Embattled aircraft manufacturer Boeing seems to be shifting its priorities and revamping its management. Boeing’s CEO, Dave Calhoun, is expected to step down by the end of this year to free the position up for someone who might be able to improve Boeing’s current fortunes. What led to his decision? Let’s take a deeper look.

The World’s Most Respected Brand Once Upon a Time

Boeing used to be the most respected aircraft manufacturer in the world, and its reputation was built on the wings of several aircraft that stood the test of time.

Source: Flickr/Shutterbug Fotos

Pioneering innovations like the 707 jetliner and the 747 jumbo jet revolutionized air travel. Boeing’s history is marked by milestones, from military contracts to commercial dominance, shaping modern aviation.

A Long History of Aviation Excellence

Boeing, founded in 1916 by William Boeing, has evolved from a humble aircraft manufacturer into an aerospace giant. The company’s strategic acquisitions made it stand out as an industry leader.

Source: Flickr/Gordon Werner

Strategic mergers, such as those with McDonnell Douglas in 1997, expanded the company’s product range and market dominance, making them a force to be reckoned with.

Competition Starts To Appear

One of Boeing’s major competitors is the European company Airbus. Founded in 1970, Airbus challenged Boeing’s dominance of the skies and was supported financially by European governments.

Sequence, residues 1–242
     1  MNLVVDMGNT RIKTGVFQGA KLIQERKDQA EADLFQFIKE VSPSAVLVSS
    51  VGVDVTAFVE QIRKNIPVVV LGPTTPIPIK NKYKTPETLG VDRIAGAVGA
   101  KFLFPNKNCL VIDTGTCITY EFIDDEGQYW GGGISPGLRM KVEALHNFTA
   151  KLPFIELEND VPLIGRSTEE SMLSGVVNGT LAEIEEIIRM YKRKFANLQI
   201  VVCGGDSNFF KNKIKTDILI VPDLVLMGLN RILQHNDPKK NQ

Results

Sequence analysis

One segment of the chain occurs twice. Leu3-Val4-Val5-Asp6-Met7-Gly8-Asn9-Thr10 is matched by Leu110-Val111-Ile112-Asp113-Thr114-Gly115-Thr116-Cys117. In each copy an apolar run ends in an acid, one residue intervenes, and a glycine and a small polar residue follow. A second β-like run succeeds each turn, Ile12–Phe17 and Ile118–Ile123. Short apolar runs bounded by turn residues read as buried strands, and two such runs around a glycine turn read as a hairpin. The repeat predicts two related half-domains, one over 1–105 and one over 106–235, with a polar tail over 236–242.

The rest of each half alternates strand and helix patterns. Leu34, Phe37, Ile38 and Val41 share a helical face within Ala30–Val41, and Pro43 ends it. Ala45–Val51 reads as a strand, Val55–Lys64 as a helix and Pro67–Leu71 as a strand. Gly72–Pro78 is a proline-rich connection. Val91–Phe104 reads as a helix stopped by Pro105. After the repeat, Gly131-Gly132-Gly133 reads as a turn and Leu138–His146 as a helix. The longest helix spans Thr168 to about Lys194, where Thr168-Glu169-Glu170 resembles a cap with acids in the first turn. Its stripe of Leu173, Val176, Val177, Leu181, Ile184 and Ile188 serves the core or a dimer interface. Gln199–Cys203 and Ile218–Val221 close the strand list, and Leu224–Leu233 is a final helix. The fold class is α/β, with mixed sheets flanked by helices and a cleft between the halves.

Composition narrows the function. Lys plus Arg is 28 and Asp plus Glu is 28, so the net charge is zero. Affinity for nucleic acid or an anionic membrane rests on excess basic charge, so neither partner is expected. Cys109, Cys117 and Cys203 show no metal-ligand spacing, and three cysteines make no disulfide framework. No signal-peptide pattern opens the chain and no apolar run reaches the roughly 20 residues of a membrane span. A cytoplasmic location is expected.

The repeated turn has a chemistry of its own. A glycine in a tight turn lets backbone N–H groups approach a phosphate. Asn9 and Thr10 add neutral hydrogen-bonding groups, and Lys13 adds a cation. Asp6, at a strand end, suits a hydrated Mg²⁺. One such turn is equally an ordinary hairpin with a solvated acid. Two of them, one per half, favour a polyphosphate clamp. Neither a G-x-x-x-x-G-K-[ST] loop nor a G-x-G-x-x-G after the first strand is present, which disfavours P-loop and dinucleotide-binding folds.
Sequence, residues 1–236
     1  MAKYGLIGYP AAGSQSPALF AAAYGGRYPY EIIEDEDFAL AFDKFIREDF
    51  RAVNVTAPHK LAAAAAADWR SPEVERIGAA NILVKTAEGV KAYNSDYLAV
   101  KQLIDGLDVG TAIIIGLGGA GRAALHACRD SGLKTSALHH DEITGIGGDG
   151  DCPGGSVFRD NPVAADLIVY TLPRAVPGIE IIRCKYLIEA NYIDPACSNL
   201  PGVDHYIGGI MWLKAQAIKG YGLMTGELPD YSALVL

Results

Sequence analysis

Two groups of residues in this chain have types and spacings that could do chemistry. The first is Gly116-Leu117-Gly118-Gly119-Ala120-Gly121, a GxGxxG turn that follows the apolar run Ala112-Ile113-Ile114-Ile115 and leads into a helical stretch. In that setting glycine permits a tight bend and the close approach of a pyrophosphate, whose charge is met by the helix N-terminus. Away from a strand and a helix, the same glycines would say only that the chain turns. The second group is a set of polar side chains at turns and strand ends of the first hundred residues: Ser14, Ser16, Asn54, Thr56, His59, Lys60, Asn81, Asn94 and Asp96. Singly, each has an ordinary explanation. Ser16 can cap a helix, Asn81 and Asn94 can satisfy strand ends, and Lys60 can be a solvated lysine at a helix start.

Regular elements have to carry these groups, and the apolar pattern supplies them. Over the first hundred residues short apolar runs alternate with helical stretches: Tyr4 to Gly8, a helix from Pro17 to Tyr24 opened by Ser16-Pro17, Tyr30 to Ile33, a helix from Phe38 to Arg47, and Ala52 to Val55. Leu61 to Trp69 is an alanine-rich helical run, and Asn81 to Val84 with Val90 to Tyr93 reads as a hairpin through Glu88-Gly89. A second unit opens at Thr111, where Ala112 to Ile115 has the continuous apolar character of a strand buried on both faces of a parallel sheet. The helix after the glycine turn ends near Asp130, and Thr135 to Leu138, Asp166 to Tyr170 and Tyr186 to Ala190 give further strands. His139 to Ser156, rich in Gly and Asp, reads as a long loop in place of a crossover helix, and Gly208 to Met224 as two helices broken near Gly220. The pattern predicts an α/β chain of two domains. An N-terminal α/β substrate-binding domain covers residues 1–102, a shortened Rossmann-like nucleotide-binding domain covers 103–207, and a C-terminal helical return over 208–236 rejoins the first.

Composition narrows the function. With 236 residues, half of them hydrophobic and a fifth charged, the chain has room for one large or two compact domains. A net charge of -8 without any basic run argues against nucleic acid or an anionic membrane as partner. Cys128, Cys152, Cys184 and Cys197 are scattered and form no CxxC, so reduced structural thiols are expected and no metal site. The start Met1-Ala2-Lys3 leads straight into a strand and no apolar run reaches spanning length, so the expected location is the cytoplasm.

Source: Flickr/Aero Icarus

The rivalry intensified in the 1990s when Airbus introduced the A320 family, challenging Boeing’s narrow-body market share.

The Next Generation Comes to Market

With Airbus challenging for dominance, Boeing responded with launching the Next-Generation 737 models, aiming to maintain its market dominance.

Source: Flickr/Stefanus Linardi

The rivalry escalated with the development of wide-body aircraft, such as the Airbus A330 and A340, which challenged Boeing’s 767 and 777 models. Both companies vied for contracts internationally.

The Cracks Start to Show

The first clue that all wasn’t well at Boeing was a series of crashes involving the 737 MAX 8 brand, which forced all planes of that type to remain grounded until investigations could determine the causes.

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Boring’s MCAS system was to blame, and the company took responsibility for the crashes, redesigning the system to make it safer. However, public confidence in Boeing was shaken.

More Recent Issues With The Company

Over time, reports of the company’s negligence in quality assurance and inspection came out as people who previously worked for the company spoke out. Boeing’s reputation was tarnished.

Source: Flickr/Bill Abbott

Most recently, a door plug on an Alaska Airlines flight Boeing 737 MAX 9 blew out while the plane was in transit. Six days before the aircraft was given to the company, Boeing signed off on its certificate of airworthiness.

Stock Prices Have Been Dropping

Boeing, usually a safe stock buy, has seen much of its value drop due to these mishaps and mistakes. Some former employees of the company blamed management.

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In a recent video taken by an interviewer, more than half of the people working on Boeing planes said they would never fly in them, prompting some serious concerns from the public.